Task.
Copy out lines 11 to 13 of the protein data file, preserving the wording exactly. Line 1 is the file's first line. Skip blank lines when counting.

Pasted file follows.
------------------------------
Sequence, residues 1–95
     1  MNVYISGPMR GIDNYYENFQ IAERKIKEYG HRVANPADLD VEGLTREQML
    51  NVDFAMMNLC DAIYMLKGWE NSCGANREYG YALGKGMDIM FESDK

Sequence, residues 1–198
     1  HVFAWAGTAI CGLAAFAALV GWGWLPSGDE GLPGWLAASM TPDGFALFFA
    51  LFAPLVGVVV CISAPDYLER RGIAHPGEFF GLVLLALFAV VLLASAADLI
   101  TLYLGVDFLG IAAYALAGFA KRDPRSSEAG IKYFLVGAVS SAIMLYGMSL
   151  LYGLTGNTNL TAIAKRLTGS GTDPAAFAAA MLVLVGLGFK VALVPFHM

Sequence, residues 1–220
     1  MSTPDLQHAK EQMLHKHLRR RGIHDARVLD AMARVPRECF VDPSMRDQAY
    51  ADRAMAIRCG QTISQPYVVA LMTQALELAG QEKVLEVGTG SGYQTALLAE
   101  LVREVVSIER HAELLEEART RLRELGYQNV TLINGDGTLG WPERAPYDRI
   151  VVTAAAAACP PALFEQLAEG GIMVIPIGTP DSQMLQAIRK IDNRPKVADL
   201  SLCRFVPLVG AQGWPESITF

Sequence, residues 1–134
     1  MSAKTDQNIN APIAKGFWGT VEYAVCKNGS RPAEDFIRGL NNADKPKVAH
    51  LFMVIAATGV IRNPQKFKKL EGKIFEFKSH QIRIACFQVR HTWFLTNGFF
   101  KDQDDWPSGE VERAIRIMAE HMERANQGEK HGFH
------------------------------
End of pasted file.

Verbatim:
    51  ADRAMAIRCG QTISQPYVVA LMTQALELAG QEKVLEVGTG SGYQTALLAE
   101  LVREVVSIER HAELLEEART RLRELGYQNV TLINGDGTLG WPERAPYDRI
   151  VVTAAAAACP PALFEQLAEG GIMVIPIGTP DSQMLQAIRK IDNRPKVADL